Major League Baseball
Rangers sue Hicks over parking dispute
Major League Baseball

Rangers sue Hicks over parking dispute

Published Apr. 13, 2011 1:00 a.m. ET

The Texas Rangers and former owner Tom Hicks are fighting over a stadium parking agreement, less than a year after both sides worked together to push the team through bankruptcy.

Rangers Baseball Express filed a lawsuit Monday against Ballpark Real Estate, a Hicks entity, to prevent it from raising prices on more than 11,000 parking spaces surrounding Rangers Ballpark in Arlington.

The suit says Hicks broke the current agreement and wants to charge the Rangers an ''unconscionable'' $3.5 million to lease land on which the spaces are located. That's nearly twice the amount the Rangers pay the city of Arlington to lease the entire ballpark, the suit states.

The Hicks group says the Rangers have known since July that they would have to buy the land or reach a new agreement to control parking.


Both sides said they will continue to negotiate.

The Rangers are seeking a temporary injunction and restraining order to force Hicks' group to honor the deal reached during last year's bankruptcy proceedings.

The Rangers did not have to pay rent for the Hicks-controlled parking spaces under the 2010 agreement but the team was required to divide parking revenues between the Rangers and Hicks' group.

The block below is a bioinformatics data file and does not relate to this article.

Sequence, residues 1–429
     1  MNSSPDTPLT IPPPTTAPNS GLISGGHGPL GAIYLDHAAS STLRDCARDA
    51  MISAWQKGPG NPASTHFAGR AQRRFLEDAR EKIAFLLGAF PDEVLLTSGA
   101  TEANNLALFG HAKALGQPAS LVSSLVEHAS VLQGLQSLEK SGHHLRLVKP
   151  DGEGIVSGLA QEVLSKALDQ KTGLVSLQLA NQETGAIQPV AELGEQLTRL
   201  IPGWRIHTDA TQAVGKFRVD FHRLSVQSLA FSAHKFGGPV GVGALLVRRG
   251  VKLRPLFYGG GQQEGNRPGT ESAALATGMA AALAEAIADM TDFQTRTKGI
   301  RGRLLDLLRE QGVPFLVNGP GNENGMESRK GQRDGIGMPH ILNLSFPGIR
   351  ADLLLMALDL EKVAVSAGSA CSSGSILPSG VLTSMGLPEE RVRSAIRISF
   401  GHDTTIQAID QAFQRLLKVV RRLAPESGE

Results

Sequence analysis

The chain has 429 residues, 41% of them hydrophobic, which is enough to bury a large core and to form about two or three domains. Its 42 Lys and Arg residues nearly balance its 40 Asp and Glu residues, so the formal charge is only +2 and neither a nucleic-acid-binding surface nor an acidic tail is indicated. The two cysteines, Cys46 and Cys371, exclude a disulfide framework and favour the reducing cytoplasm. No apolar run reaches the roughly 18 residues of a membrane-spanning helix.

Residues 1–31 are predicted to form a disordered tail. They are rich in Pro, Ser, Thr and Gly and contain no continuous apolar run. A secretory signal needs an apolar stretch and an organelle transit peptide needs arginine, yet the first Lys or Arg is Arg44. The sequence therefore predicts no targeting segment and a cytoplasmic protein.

The suit ''is necessary in order to maintain fair parking prices for all of our fans at Rangers Ballpark in Arlington,'' the Rangers said Wednesday.

The Rangers want to continue to use the Hicks-controlled parking for 2011 in the same way and under the same terms as it did in 2010. It said its fans can't be the victims of ''price gouging.''

The suit, first reported by the Fort Worth Star-Telegram, alleges that if the Hicks group has its way, parking ''prices would increase drastically overnight.'' The Rangers' next home game is Monday.

Hicks' group is ''trying to hold the Rangers and their fans hostage over the price of parking,'' the suit said.

Season-ticket holders have prepaid parking passes and the Rangers said the team wants to make sure the Hicks group would not be able to charge those fans additional money to park.

In a response issued Wednesday, Ballpark Real Estate said that Hicks has promised to provide parking for Texas Rangers ''with absolutely no disruptions'' while the two sides finalize a new deal on the use of property owned by Ballpark Real Estate.

''If the Rangers want to continue to view parking as a 'loss leader' and charge fans artificially low parking rates,'' the Hicks group said it has no objections.

The Rangers say that of the 11,679 parking spaces in question, only 4,939 are actually owned by the Hicks group. The city of Arlington owns the remaining 6,740 spaces and leases them to the Hicks group for free, according to the suit.


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